While many of Falling's fellow ministers say they concur in general with his lament, they vigorously disagree with the way he is going about trying to do something about it. In addition, the CVL's crusades against abortion, pornography and homosexuality have persuaded other church leaders to keep their distance--again, not necessarily because they personally disagree with the CVL's stands on those and other issues, but because they see the group, contrary to its leaders' protestations, as too far to the political right and too narrowly focused in its mission.
"I don't see anything very Christian or biblical about what they're doing," said the Rev. Steve Gilbertson, pastor of House of Prayer Lutheran Church of Escondido. "To me, they fail to take into consideration Christian precepts such as compassion, forgiveness and grace. They view the world from a rather black-and-white perspective."
"I don't appreciate groups that try to tell everybody else what they ought to do," added the Rev. Bob Brashares, pastor of the First United Methodist Church of Escondido. "I'm troubled by movements that claim the support of all right-minded people, because that implies that if you don't agree with them, then you're not right-minded or moralistic. That's an effort that borders on blackmail."
In the name of denominational unity, Falling has sounded the rallying cry that the battles that his group is waging "are not ones that Catholics or Protestants or Baptists . . . can win by themselves." Even Falling acknowledges, however, that his appeal has met with only limited success.
While generally conservative churches such as the Catholic, Pentecostal and Evangelical have responded warmly to Falling's plans, he notes that Lutherans, Methodists, Episcopalians and "other liberal churches . . . haven't come running."
Seeking to avoid the "one-issue" fringe group label that many of the CVL's critics would place on it, Falling contends that his organization deals with a diversity of topics that encompass "the social issues of the '80s--abortion, pornography, AIDS, public education, teaching homosexuality, health clinics." Beyond querying political candidates on those topics, CVL members also frequently picket abortion clinics and pornography stores, and have lobbied local governments to take action relating to those issues.
However, one skeptic, the Rev. Charles Rines of Trinity Episcopal Church in Escondido, noted: "This may be triple-issue voting, but it's the same principle."
For example, the "Candidates Biblical Scoreboard" that the CVL prepared in rating candidates in the Nov. 4 election dealt with a fairly narrow range of issues such as abortion, contraceptives' availability to minors, homosexuality, pornography, prayer in schools and the teaching of creationism.
Of the 85 candidates surveyed, only 29 responded, with most of the others arguing that the questions dealt with issues unrelated to their official duties or were too complex to be answered with a simple yes or no.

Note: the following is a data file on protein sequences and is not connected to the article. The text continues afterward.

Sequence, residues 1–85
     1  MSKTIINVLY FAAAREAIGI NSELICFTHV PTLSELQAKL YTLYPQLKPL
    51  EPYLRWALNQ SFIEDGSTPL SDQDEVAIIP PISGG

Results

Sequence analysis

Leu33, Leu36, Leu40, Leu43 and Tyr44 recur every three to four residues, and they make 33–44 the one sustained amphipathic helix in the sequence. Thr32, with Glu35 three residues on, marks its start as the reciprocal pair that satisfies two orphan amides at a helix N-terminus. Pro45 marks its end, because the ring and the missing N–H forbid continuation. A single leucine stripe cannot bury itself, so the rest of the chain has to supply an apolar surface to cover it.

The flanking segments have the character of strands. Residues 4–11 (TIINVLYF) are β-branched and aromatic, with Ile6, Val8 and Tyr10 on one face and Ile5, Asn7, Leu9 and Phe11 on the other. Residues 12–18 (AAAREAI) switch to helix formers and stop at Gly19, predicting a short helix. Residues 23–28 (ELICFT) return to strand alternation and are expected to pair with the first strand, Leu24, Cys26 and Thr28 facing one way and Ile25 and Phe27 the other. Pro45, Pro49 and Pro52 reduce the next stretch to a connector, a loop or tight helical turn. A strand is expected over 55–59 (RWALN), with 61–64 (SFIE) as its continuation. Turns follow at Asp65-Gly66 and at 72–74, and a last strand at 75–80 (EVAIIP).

While Falling railed that the non-respondees "spat in the face of our form of representative government," none of them suffered negative repercussions at the polls, despite the fact that about 71,000 of the questionnaires were distributed throughout North County, mostly through churches.
Indeed, in most cases, those candidates who ignored the group's "Biblical Scoreboard" and "Biblical Scorecard"--the former covering all local and statewide races, and the latter tailored to particular communities--generally ran far ahead of those contenders whose responses were ideologically compatible with the CVL.
"I'm proof that they weren't very important--I got elected and I didn't respond," chuckled Jeannette Smith, one of two victors in the 10-candidate Vista City Council race. The other victor, Eugene Asmus, did respond, but noted: "It probably didn't have that much impact. Growth and redevelopment were the key in that election."
However, Gloria McClellan, the newly elected mayor of Vista and a CVL member herself, said that she regards CVL backing as one of several important ingredients in her victory, and differs with those candidates who characterized the group's questionnaire as an improper intrusion into personal moral matters of no relevance to the jobs they were seeking.
"You're constantly dealing with moral issues in local government," McClellan said. "When you're looking at whether to allow a bar next to a school, is that a moral issue? You bet it is. These questions are very appropriate to ask, because this tells people whether you have a strong religious background and strong moral fiber."
By virtue of its tax-exempt status, the CVL's national headquarters in Escondido is barred from endorsing or directly assisting political candidates. The local chapters, however, have that right and intend to exercise it in future elections, according to Virgil Ford, president of the Vista chapter.